Buses depart at 7:30 a.m., board in front of Marriott on California Street.
We begin our tour at Cheyenne Botanic Gardens, Wyoming’s only public garden. This city-owned garden is on a nine-acre plot within a park, and includes 27 specialty landscapes and a greenhouse/conservatory which is 100% solar heated. This is the West’s oldest public site for renewable energy. We will see the Paul Smith Children’s Village, the nation’s first LEED-certified public children’s garden, designed by Herb Schaal, and with a clearly demonstrated theme of sustainability for past, present and future, Cheyenne’s harsh climate, including hailstorms and daily wind , as well as both early and late frosts, make the outstanding variety of plant displays all around the gardens even more amazing. Tour-goers will also learn about Cheyenne Botanic Gardens’ work to develop the High Plains Arboretum, a former USDA research station, located at another site.
Our journey then heads one hour south to Fort Collins, enjoying a box lunch along the way, where we will tour several sites on the Colorado State University Campus. The Colorado State University Flower Trial Garden includes over 1100 varieties of annual flowers developed by seed and vegetative companies from around the world. They are evaluated under Colorado’s extreme climatic conditions – high heat and light intensity, low humidity and occasionally stormy weather. The annual trials performance are formally evaluated in August and September with Best of Show, Best New Variety and other results made available for all to use.
The National Center for Genetic Resources Preservation (NCGRP) The NCGRP is a gene bank that conserves the biological diversity and utilization of genetic resources for economic and environmental sustainability. Visitors will tour the seed bank and witness the state-of-the-art technology used to preserve the seed collection. The Plant Environmental Research Center (PERC) This outdoor display and test area allows students, researchers, industry representatives, extension personnel and homeowners to learn, teach and evaluate horticulture research and demonstration projects for the Rocky Mountain/High Plains region.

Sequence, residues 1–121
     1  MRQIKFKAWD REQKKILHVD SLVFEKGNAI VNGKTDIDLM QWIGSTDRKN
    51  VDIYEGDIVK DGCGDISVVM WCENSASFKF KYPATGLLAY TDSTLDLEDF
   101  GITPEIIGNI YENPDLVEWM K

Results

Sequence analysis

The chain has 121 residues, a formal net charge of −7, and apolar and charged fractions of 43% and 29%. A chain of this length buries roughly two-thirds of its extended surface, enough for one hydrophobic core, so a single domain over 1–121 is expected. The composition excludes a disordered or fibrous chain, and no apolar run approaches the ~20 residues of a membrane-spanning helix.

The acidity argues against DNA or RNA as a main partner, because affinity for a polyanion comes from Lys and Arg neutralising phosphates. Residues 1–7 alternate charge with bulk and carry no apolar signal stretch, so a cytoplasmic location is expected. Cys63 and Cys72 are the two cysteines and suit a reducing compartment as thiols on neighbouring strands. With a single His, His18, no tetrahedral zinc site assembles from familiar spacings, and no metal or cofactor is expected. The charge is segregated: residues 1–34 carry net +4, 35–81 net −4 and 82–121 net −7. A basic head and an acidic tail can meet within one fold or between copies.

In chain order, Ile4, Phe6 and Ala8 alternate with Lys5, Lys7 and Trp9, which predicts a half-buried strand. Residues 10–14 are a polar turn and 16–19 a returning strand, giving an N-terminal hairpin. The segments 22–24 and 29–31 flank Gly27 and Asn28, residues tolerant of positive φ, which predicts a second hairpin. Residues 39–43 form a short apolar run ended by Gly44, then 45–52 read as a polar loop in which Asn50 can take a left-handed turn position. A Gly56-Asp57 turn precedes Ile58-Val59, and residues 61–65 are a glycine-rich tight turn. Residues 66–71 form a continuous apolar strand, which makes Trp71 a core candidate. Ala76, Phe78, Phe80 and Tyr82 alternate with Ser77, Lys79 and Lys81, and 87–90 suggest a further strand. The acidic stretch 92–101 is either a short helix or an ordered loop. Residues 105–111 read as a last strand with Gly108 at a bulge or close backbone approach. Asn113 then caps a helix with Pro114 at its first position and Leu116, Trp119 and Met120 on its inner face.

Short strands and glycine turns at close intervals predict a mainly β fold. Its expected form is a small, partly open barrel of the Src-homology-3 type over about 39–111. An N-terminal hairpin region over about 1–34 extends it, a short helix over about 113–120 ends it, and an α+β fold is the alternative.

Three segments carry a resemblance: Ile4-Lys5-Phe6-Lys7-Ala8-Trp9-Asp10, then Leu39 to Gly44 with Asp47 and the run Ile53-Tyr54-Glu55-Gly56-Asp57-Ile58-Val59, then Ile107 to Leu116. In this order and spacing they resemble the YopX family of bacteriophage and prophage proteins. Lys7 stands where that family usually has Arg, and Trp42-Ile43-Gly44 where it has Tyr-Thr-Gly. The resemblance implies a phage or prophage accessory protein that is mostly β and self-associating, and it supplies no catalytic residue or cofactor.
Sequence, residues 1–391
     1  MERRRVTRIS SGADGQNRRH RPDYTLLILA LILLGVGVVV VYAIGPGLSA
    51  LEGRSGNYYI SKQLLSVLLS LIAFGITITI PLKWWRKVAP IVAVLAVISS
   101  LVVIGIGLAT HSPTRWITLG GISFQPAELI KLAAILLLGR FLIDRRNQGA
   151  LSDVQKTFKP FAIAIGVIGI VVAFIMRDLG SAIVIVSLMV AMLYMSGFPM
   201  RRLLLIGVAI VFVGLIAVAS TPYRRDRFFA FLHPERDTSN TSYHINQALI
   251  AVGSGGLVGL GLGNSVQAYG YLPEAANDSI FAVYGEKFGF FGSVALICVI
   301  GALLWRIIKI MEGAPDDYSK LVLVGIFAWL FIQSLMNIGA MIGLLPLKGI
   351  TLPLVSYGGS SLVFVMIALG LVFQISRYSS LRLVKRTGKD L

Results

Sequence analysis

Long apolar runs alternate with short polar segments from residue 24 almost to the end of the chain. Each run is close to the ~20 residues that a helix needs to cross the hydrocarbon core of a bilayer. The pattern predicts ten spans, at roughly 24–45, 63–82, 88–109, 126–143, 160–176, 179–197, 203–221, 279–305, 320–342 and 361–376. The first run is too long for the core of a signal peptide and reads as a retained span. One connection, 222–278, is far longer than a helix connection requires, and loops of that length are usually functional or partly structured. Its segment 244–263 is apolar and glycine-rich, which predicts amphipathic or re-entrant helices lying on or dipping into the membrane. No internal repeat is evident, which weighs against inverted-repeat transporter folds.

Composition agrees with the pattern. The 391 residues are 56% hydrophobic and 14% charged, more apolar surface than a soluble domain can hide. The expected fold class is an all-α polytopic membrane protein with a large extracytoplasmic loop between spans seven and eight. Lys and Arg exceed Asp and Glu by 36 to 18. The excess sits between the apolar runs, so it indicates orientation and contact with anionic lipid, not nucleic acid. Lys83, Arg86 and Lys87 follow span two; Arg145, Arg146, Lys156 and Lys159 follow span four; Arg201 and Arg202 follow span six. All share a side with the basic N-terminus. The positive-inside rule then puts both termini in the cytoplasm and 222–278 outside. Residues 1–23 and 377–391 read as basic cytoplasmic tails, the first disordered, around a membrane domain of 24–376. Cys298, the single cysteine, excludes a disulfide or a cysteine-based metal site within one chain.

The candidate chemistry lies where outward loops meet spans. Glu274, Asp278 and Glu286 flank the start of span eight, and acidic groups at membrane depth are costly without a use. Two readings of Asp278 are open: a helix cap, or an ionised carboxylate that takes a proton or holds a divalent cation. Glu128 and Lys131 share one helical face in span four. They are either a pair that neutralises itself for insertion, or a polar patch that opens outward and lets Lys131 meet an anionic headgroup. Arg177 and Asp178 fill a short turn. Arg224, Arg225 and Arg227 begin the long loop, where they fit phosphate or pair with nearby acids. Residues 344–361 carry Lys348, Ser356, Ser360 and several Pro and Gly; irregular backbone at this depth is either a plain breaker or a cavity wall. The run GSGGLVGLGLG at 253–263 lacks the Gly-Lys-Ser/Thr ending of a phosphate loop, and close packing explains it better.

The site includes a six acre arboretum of woody plants, planted according to plant families, with over 1250 different taxa. We close our excursion at the Gardens on Spring Creek, the community botanic garden of Fort Collins. Visitors will take self-guided tours of this garden viewing the Children’s Garden, Sustainable Backyard, Garden of Eatin’ and Rock Garden. Plans for future development will be on display. Tour-goers will enjoy a local beer brewed from hops grown at the garden, and sample delicious local fare in the Outdoor Teaching Kitchen before heading back to Denver.
Special restrictions apply to tour the NCGRP; More details provided when registering.